It is important to remember that the quality of research today is not measured in silos. A customer is not going to compare individual brands based on their search; instead, the best search experience is now considered the norm for everyone. When Google, Amazon, Apple, and other experienced leaders make it easy to get the right answer fast, we wonder, “Why can’t all brands make it easier too?”
When answers to questions are made available, it also allows knowledge to become more accessible. But what is discoverability?
While findability provides usable answers in context, discoverability means that users can more easily find information that is not immediately sought after. Again, creating knowledge graphs can provide context for recommended content that understands a user’s intent and offers other relevant information to enrich their experience.
Both findability and discoverability are important to customer experience, and knowledge graphs serve as the foundation for delivering that enhanced experience.
Create a better search experience for everyone
While Google has been the gold standard for applying knowledge graph structures to search for years, the technology itself isn’t isolated just to Google; it is accessible to any brand wishing to use it. Setting up a knowledge graph-based search system is an endeavor a brand can undertake, tailored to the products, services and information resources used by the company. Building this better search system consolidates enterprise knowledge by connecting disparate information systems into a usable engine that works for both customers and support teams.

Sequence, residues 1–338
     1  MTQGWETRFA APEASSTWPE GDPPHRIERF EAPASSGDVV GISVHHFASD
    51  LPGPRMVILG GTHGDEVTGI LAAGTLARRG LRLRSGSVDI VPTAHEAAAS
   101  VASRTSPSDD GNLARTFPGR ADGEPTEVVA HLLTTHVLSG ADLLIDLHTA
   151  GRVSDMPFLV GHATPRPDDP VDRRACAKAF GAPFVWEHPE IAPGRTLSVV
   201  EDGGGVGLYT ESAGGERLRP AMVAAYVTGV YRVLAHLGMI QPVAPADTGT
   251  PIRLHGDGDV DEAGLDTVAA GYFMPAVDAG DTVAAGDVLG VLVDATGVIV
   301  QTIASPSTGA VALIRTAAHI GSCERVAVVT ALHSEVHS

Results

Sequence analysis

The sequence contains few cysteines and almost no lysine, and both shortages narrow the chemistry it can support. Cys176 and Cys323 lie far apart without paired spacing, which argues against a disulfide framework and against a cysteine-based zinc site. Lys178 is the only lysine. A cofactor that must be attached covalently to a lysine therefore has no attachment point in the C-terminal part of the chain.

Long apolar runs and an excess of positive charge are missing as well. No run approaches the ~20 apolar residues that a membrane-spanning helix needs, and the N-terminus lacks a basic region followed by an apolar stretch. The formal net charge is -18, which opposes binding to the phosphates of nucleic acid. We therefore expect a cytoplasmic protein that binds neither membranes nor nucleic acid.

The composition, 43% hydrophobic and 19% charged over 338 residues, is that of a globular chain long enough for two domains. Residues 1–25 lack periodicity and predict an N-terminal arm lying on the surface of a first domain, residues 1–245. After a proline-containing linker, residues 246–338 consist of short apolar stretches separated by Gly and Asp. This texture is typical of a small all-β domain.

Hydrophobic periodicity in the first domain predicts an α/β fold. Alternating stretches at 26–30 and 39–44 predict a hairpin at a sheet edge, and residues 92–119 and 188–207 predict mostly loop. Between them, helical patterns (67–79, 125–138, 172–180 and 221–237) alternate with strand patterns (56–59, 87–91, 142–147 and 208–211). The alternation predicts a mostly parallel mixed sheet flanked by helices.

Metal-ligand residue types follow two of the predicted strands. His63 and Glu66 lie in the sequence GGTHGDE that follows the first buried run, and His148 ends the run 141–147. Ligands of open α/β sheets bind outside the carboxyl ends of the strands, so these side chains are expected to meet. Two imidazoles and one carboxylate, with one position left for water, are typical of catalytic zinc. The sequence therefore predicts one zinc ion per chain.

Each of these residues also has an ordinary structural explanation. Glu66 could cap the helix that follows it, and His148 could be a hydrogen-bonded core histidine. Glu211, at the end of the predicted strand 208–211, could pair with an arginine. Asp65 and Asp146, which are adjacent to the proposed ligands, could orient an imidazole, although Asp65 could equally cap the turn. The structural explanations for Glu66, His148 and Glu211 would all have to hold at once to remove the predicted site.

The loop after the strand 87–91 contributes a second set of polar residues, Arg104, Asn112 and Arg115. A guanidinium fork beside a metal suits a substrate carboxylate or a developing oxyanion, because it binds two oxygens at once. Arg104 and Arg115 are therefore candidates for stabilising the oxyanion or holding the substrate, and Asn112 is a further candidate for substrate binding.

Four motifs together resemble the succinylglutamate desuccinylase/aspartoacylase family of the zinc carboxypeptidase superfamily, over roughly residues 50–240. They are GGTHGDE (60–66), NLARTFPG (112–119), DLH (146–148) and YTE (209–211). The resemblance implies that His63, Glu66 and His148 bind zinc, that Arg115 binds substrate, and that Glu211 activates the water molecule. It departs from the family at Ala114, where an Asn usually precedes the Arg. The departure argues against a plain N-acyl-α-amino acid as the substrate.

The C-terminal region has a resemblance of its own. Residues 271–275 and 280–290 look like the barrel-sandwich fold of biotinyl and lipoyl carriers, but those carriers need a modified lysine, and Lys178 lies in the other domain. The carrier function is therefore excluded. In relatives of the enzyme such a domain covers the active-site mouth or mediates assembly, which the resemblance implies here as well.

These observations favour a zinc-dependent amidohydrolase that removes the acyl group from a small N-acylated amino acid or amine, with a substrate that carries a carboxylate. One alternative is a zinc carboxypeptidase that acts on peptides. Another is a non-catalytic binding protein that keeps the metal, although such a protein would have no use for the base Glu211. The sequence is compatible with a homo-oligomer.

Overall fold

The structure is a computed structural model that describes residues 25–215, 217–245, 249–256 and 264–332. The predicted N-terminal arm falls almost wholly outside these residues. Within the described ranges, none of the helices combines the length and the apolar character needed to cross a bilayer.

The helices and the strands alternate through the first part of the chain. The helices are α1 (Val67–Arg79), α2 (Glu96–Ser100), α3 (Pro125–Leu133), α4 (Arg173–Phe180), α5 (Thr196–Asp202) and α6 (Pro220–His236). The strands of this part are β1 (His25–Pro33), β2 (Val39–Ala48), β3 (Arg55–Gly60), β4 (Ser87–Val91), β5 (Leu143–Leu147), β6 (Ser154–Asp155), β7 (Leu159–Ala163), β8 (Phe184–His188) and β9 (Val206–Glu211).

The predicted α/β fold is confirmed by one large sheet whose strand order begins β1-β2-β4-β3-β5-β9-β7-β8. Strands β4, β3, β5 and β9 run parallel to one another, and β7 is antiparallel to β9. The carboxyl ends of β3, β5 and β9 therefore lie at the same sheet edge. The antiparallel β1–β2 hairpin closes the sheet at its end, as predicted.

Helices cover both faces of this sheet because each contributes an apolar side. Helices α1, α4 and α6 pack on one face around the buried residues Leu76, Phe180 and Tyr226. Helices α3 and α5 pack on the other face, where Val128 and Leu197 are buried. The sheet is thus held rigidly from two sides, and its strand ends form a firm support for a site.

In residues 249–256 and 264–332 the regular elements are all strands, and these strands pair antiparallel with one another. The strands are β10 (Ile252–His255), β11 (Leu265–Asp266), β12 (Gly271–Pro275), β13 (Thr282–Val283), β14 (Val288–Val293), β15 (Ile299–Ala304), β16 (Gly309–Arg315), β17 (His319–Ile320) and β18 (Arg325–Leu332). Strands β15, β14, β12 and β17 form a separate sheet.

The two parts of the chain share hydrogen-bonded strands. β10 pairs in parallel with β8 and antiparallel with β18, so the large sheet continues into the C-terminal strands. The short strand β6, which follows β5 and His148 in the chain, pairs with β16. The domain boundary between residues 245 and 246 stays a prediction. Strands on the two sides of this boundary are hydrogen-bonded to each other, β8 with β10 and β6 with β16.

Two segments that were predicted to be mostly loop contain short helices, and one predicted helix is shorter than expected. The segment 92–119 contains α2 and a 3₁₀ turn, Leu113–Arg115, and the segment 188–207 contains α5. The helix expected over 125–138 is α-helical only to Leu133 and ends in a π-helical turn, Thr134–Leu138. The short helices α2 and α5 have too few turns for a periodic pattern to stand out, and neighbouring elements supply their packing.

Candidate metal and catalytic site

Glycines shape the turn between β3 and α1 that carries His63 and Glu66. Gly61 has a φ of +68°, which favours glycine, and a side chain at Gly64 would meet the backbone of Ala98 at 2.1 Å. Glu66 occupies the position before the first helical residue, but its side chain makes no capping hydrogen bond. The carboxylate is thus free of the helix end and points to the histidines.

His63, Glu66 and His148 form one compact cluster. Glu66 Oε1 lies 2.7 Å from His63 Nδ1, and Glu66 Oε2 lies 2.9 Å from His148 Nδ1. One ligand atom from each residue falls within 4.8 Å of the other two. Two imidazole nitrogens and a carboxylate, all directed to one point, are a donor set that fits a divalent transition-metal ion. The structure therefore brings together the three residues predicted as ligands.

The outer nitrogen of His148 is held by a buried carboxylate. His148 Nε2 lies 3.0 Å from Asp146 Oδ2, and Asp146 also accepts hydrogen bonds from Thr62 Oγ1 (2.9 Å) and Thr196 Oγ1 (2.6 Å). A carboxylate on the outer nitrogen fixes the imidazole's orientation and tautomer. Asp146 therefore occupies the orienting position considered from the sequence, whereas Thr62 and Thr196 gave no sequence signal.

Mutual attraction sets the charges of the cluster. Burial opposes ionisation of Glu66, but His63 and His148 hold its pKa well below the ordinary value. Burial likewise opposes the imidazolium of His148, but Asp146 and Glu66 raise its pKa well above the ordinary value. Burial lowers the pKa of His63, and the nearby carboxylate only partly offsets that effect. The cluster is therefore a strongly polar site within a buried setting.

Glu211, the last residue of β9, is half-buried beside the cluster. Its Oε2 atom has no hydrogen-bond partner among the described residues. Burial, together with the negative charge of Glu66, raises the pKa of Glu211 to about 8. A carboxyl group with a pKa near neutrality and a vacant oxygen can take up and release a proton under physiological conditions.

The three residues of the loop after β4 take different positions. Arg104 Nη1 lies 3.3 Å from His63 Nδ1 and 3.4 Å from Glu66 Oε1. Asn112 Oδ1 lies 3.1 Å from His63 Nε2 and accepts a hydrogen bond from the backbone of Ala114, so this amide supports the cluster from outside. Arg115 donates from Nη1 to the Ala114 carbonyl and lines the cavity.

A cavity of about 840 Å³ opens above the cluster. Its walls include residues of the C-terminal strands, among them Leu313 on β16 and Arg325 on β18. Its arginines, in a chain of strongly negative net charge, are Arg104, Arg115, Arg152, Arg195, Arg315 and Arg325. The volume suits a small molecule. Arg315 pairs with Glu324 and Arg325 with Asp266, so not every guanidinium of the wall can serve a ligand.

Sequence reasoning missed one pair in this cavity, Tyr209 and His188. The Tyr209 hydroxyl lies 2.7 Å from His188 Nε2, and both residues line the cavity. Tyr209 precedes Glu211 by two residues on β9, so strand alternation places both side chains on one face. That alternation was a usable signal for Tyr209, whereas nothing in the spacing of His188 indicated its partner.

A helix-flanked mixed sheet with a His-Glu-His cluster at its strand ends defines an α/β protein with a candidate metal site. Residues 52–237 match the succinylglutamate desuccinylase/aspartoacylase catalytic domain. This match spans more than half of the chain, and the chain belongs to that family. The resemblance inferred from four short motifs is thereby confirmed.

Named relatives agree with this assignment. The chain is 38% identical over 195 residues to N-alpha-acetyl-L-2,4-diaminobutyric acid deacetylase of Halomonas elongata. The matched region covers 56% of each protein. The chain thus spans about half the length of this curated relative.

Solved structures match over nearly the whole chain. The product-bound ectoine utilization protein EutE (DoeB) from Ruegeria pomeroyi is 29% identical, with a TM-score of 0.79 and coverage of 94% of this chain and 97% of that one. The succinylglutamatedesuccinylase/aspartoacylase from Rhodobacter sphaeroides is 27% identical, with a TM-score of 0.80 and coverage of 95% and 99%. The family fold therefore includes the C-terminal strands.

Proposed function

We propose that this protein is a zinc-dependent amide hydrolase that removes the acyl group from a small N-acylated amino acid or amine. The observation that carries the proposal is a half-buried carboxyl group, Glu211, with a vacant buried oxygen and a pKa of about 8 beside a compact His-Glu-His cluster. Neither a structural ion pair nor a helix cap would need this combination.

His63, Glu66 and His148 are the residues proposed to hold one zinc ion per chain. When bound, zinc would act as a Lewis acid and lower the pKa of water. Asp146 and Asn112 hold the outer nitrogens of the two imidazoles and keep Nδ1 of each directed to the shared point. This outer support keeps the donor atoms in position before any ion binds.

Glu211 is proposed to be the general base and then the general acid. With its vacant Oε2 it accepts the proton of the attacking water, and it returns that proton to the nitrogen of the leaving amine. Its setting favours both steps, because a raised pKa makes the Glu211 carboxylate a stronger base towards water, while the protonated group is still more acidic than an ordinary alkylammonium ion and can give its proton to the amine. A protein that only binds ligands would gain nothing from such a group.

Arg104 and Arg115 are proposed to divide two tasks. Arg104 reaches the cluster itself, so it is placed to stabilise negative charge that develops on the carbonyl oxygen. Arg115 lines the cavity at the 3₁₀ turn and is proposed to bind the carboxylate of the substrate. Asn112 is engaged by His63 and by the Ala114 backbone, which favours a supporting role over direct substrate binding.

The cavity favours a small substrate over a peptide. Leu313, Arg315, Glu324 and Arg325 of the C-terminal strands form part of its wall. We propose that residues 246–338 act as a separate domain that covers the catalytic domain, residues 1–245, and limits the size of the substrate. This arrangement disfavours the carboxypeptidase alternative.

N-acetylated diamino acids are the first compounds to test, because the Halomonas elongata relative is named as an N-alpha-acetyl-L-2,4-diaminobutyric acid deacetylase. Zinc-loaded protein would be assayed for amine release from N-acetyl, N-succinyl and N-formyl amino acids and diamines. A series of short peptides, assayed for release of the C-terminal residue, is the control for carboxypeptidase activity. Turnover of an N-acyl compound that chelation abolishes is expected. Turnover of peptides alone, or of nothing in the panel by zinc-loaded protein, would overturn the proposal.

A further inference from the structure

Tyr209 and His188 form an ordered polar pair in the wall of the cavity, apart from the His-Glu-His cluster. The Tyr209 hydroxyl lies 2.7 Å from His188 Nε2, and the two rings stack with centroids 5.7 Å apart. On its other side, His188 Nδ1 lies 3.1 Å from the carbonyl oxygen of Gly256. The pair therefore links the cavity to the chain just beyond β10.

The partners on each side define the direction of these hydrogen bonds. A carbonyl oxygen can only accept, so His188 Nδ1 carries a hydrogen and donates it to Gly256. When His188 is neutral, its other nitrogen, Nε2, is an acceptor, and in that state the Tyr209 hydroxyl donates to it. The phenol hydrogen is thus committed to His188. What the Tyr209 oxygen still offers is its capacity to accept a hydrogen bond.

With analytics, support, and experience managers, managers can examine common search queries to identify pain points throughout the customer journey. A knowledge graph-based system complements this information to form a powerful knowledge management tool. Businesses can analyze customer engagement and sentiment through search analytics, while gaining access to a scalable content infrastructure that can quickly fill and close knowledge gaps. This level of actionable information is invaluable in improving the overall customer experience.
Brands invest heavily in content. Knowledge graphs make it the most actionable version of itself, enhancing resources so that answers are findable and deeper insights are discovered.
Joe Jorczak is Head of Industry, Service and Support at Yext.